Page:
Source: The Case Files - May 28, 2019 Category: Emergency Medicine Tags: Blog Posts Source Type: research

Pharmacy teams recruited to cut over-medication in care homes
Scheme is part of £20m programme to improve medication Related items fromOnMedica Poor pain management - a major cause of opioid crisis Guidance issued on prescribing responsibilities Clinicians need better options if we are to stop over-medication Multidisciplinary prescribing can help reduce errors Stroke survivors need more help taking medicine
Source: OnMedica Latest News - May 9, 2019 Category: UK Health Source Type: news

Major publications in critical care pharmacotherapy literature in 2018
ConclusionThis clinical review and expert commentary of impactful critical care pharmacotherapy publications in 2018 provides perspectives and insights for the critical care practitioner.
Source: Journal of Critical Care - May 2, 2019 Category: Gastroenterology Source Type: research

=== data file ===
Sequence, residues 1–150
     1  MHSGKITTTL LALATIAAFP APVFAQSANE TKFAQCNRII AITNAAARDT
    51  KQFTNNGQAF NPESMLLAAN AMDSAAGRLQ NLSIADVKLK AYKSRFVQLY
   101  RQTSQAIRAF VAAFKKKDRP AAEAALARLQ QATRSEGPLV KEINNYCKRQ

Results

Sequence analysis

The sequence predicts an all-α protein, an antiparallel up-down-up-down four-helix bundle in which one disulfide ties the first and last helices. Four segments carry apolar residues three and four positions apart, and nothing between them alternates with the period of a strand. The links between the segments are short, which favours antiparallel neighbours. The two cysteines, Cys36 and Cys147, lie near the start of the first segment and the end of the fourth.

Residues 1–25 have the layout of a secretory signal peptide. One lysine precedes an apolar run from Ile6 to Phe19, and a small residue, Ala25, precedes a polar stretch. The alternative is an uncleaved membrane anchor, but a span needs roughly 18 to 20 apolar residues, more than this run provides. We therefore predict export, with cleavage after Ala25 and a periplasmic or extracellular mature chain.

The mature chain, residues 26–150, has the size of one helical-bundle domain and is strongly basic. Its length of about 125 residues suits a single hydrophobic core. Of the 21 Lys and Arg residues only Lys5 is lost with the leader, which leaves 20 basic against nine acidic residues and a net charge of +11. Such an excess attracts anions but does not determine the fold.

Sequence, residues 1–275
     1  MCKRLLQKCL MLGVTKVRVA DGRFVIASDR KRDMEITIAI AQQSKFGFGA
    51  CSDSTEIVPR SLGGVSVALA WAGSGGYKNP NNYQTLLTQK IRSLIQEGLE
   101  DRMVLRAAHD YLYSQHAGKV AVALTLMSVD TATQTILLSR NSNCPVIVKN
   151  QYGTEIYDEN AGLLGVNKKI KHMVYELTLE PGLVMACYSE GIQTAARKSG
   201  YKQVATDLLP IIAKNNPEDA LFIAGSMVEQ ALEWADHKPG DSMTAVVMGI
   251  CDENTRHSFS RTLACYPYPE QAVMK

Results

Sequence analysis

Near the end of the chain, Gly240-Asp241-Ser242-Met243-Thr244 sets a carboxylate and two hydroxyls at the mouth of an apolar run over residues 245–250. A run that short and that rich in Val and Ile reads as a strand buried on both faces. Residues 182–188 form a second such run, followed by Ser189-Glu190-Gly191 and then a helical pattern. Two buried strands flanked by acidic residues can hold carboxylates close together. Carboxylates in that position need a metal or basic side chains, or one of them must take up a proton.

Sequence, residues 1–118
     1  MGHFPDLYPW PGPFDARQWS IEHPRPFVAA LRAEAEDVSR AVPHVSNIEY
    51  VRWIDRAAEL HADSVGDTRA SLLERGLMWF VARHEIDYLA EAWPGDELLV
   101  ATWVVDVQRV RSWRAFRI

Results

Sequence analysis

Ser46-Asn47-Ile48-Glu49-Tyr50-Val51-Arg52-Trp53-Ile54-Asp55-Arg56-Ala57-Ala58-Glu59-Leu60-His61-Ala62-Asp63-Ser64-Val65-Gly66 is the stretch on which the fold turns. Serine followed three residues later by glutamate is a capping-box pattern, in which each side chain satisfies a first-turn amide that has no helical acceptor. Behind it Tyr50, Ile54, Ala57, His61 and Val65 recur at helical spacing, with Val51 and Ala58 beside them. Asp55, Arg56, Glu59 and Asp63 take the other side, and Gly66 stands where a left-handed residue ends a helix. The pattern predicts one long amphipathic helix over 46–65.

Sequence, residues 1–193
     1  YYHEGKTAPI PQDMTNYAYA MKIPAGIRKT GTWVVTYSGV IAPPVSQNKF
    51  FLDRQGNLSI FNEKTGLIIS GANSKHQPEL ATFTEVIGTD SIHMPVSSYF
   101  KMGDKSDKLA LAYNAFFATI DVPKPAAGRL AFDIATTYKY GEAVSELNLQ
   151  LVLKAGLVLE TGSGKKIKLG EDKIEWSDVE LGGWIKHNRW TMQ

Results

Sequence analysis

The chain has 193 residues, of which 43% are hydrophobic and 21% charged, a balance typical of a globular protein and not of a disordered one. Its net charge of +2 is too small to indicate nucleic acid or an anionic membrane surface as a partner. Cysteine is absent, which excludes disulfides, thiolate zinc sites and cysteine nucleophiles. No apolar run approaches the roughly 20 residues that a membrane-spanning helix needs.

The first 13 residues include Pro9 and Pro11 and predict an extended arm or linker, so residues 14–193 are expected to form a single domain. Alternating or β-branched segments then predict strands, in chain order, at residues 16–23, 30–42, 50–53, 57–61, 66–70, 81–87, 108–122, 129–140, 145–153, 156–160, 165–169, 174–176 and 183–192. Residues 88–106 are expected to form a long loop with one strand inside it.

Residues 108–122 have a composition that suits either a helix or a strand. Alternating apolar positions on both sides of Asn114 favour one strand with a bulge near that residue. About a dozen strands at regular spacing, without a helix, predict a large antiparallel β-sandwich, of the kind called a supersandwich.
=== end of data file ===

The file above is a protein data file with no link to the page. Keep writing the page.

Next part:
Interest of transcranial stimulation in pelvic and perineal disorders.
CONCLUSION: Data from the literature suggest that transcranial stimulation is a noninvasive treatment that may have a role in the management of pelvic and perineal disorders. Its promising field of action would require prospective and randomized studies on a larger scale. PMID: 31036483 [PubMed - as supplied by publisher]
Source: Progres en Urologie - May 2, 2019 Category: Urology & Nephrology Tags: Prog Urol Source Type: research

Preventable Cases of Oral Anticoagulant-Induced Bleeding: Data From the Spontaneous Reporting System
Conclusion: Our findings describe the most reported risk factors for preventability of oral anticoagulant-induced bleedings. These factors may be useful for targeting interventions to improve pharmacovigilance activities in our regional territory and to reduce the burden of medication errors and inappropriate prescription. Introduction Oral anticoagulant therapy is widely used for the prevention of stroke and systemic embolism in patients with atrial fibrillation, or for the prevention and treatment of deep vein thrombosis and pulmonary embolism (Raj et al., 1994; Monaco et al., 2017). Oral anticoagulants can be di...